The negative side effects of easy money are starting to grow and, at this point, central banks are doing more harm than good, said the former Chief Economist at the Bank for International Settlements (BIS).
In a phone interview with Financial Sense, William White, now chairman of the Economic and Development Review Committee at the OECD, discussed his recent Adam Smith Prize lecture, “Ultra-Easy Money: Digging the Hole Deeper?“, which he gave before the National Association of Business Economists.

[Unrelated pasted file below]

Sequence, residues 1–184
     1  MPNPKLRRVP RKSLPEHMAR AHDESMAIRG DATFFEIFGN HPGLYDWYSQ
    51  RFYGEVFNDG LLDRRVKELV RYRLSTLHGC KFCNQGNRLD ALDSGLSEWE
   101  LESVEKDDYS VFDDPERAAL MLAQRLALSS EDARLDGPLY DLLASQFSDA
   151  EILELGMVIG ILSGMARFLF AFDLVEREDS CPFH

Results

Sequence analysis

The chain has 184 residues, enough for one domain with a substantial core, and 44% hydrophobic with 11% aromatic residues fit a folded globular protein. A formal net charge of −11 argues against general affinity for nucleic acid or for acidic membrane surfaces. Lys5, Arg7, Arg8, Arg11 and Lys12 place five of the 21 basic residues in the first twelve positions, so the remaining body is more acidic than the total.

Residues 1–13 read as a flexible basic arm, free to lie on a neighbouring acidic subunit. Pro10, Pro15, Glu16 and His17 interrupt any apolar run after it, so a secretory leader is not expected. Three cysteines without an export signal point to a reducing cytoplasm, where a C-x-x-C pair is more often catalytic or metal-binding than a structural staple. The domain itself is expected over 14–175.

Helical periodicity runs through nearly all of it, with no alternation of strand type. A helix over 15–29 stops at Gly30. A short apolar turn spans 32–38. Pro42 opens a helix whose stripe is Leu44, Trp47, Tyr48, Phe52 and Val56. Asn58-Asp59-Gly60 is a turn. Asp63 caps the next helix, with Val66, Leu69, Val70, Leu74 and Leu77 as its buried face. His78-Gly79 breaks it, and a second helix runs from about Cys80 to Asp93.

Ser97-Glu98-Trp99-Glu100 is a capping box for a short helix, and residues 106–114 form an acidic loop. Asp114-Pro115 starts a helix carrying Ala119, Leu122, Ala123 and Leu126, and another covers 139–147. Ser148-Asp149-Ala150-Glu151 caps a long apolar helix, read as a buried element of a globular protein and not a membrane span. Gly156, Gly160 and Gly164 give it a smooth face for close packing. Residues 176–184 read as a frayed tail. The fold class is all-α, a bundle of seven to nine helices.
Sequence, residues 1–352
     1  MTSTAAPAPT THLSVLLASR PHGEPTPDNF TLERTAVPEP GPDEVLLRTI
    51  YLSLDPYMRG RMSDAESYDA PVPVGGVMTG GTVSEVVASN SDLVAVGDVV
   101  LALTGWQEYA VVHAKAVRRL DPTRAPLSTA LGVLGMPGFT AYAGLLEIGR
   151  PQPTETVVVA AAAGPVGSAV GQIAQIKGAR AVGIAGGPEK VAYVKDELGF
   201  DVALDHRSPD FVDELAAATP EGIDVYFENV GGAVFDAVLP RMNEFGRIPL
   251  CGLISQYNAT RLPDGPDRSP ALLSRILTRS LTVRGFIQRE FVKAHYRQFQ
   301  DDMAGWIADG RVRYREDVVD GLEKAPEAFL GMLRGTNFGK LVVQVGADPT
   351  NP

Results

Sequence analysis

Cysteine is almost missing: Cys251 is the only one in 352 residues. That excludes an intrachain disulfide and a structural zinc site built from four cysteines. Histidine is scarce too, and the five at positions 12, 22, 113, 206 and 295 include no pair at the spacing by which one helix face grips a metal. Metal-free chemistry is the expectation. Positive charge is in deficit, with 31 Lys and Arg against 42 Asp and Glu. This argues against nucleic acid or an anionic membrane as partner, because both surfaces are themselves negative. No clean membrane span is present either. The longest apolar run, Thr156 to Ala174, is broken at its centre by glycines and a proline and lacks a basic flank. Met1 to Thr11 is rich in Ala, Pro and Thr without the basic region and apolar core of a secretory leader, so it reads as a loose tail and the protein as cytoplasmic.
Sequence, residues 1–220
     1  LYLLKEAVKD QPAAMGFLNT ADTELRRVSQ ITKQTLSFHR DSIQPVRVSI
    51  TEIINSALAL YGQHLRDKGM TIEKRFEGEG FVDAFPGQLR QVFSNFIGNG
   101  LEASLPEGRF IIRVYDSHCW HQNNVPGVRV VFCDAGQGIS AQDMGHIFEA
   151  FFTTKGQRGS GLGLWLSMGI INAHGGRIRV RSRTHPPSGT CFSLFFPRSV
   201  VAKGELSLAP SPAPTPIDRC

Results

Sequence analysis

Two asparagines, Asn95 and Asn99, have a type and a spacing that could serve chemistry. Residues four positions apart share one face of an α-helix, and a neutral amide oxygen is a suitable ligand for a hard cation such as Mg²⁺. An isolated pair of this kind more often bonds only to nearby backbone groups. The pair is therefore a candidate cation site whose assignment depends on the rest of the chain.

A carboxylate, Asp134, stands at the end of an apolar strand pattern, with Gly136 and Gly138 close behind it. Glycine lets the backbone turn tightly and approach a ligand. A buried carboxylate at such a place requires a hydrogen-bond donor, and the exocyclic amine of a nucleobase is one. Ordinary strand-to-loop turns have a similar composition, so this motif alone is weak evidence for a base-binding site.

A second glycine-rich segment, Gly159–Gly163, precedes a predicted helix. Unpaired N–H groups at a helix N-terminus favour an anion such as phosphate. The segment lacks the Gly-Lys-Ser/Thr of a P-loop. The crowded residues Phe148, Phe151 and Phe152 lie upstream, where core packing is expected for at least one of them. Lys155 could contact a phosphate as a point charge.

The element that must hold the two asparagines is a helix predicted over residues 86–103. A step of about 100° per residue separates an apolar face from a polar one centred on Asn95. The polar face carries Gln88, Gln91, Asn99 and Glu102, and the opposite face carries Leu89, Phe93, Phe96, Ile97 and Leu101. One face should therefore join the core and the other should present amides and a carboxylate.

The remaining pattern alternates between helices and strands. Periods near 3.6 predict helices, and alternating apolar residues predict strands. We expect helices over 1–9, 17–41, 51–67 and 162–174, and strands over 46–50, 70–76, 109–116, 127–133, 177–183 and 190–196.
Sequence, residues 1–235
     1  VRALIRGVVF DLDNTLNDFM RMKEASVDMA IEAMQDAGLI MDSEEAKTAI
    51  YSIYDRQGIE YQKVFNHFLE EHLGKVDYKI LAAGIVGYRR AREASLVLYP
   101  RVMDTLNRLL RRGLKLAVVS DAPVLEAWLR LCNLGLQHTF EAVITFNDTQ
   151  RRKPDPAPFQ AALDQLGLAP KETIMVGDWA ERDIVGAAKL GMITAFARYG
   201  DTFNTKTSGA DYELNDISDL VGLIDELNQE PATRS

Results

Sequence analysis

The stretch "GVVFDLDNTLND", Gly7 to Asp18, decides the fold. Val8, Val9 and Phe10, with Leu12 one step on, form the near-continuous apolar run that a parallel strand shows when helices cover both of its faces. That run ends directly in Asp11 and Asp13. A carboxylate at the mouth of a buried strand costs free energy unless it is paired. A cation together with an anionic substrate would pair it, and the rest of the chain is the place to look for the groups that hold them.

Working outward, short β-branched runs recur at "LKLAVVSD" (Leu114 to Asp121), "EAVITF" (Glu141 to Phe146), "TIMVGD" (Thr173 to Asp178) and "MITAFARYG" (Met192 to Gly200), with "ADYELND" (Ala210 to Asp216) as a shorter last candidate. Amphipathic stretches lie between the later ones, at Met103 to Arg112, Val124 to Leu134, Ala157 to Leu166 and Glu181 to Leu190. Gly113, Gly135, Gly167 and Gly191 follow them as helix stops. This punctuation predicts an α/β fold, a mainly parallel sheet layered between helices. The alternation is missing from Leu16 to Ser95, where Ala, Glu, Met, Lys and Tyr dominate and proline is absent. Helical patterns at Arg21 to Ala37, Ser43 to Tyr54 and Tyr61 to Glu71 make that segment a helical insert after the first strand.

Monetary Policy Failed to Stimulate Aggregate Demand
White said easy monetary policies were needed during the 2008 financial crisis in restoring confidence but then took a wrong turn around 2010 when attempting to boost economic growth.
‘The policy stakes are now very high’ since ‘ultra-easy policy has not stimulated aggregate demand to the degree expected.’
‘I see a curve where the efficiency of monetary policy goes down with time, and the harmful side effects of policy go up with time,’ White said. ‘At some point, those two curves intersect, and the central banks are doing more harm than good. My feeling is this has been the case for quite some time.’
This post was published at FinancialSense on 09/30/2016.